When Yogi Berra said a baseball game wasn’t over until it was over, he meant that even as much as a team might be down or up in runs, the game wasn’t decided for good until the last pitch was made. This is also correct for the real estate term “under contract.” When a house is under contract it means a buyer has made an offer on the house, and the seller has accepted. But the sale is not quite final, and often many things must happen between “under contract” and “sold.” When everything is finished completely with the transaction, then the home will have been sold, and then it’s officially over.
What does under contract mean?
The simple answer is as above – the buyer has put forth an offer on a house, and the seller has accepted that offer in written form. But that’s typically just the beginning of negotiations on the house. There are often contingencies from both the seller and the buyer that must be met and completed to both sides’ satisfaction or compromised on. All of these contingencies must be met before the sale is finalized. Real estate contracts discuss many conditions that must be met by both the buyer and seller, and if either side fails to meet one of these conditions, the contract could possibly be voided with one or both sides backing out of the deal.
A house is technically under contract when a buyer makes an offer and the seller accepts it to transfer ownership to the buyer, agreeing on a price offered by the buyer. But contracts aren’t legally enforceable until someone puts them down in writing, so most people consider a home under contract only when the final side of the agreement signs it. And this signed document is the agreement by the seller to sell the house to the buyer.
Additionally, the buyer needs to give the seller something of value not only to make the contract valid but to signify seriousness for both the buyer and the seller. In most home sale transactions, this is called earnest money, and buyers put this into escrow.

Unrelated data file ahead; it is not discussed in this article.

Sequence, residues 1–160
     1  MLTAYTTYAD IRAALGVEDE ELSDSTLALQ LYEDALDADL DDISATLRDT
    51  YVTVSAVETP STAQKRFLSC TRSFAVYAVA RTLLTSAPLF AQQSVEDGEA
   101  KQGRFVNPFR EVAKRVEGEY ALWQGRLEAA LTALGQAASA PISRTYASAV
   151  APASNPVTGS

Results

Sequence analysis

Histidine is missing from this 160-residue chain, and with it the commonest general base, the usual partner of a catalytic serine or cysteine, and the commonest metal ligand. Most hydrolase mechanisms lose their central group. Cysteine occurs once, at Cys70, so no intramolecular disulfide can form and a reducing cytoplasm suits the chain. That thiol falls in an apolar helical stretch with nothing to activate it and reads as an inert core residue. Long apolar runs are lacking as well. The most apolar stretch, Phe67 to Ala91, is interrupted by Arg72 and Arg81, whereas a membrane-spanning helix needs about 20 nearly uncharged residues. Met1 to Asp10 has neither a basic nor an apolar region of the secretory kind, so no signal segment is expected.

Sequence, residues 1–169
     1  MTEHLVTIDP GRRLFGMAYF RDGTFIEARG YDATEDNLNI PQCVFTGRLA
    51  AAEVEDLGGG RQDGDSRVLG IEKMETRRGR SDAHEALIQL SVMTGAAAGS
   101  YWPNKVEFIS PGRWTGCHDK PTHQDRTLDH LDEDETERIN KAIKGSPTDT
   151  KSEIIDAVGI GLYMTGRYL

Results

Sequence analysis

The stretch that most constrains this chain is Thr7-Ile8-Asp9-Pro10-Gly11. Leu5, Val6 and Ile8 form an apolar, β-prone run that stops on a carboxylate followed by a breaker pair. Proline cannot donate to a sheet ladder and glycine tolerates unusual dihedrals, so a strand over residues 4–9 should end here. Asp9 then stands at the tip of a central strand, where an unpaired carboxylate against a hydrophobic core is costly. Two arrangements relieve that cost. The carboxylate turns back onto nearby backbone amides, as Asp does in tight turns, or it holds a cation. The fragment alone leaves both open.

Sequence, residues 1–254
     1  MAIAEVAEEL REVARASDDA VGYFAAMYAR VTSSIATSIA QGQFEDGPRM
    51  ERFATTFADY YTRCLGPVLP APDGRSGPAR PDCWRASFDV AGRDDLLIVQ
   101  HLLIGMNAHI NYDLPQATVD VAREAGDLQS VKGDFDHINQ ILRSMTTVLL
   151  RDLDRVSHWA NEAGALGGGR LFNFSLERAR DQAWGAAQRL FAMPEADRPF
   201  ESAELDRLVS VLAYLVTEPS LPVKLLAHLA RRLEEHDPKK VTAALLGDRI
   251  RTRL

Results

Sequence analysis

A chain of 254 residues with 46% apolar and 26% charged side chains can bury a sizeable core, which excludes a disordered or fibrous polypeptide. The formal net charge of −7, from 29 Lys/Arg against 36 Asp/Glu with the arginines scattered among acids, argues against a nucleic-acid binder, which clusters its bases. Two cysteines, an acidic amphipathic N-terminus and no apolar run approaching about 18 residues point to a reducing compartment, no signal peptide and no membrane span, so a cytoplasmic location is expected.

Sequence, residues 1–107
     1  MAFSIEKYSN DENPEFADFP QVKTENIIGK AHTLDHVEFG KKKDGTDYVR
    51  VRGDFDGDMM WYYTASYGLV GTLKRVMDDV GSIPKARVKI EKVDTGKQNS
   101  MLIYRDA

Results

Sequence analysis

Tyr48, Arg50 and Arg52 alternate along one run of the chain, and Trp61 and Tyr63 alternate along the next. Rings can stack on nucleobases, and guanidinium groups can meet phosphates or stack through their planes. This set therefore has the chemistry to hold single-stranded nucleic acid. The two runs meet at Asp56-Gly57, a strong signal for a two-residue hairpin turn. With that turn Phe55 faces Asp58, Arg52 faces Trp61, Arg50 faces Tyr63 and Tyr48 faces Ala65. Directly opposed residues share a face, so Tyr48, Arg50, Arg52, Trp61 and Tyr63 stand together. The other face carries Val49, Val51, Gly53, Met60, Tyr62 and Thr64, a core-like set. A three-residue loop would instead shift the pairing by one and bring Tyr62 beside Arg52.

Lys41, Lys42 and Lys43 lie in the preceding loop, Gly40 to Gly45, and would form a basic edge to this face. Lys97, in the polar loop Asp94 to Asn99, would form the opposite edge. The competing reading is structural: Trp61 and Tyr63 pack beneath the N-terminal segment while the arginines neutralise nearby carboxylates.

If the deal goes through, this earnest money goes toward the house’s purchase price. If the buyer violates the contract, the seller typically gets to keep the earnest money. If the seller violates the contract or the deal fails for a reason that was no fault of the buyer, the buyer typically gets their earnest money back.
Contingencies can be any number of stipulations in the contract, either from the buyer or the seller. This can commonly involve the buyer’s right to inspect the home, and the buyer needing to secure financing to cover the agreed-upon purchase price.
The home sale would proceed only if the stipulations are met, or some other arrangement around it is made, such as compensation or subsequent offers to fix home inspection issues from the seller.
The home’s status changes back to “active,” if the sale falls through and the home goes back on the market. The status changes to “pending,” if all the contingencies are met and agreed upon.
Steps in a standard real estate transaction
And here are the general steps followed for buyers and sellers heading into a contract and toward closing:
The buyer finds a house they like.
After getting pre-approved and working with their agent to find the right place, the buyer prepares to offer a bid on their chosen house.
The buyer makes an offer on the house.
After being advised by their agent, the buyer submits an offer of payment to the seller. Sometimes if the house is popular, a multi-offer scenario can arise, meaning the seller has multiple contracts from which to choose.
The seller accepts the buyer’s offer.
When the seller accepts an offer, this means the home is no longer on the market, and its status in the MLS will be updated to Under Contract or Pending. Although the parties have agreed in principle, there could still be multiple points of negotiation on both sides, from inspection, to sale price, to length of time to close, etc. These will be enumerated in the contract, which may be amended several times before closing.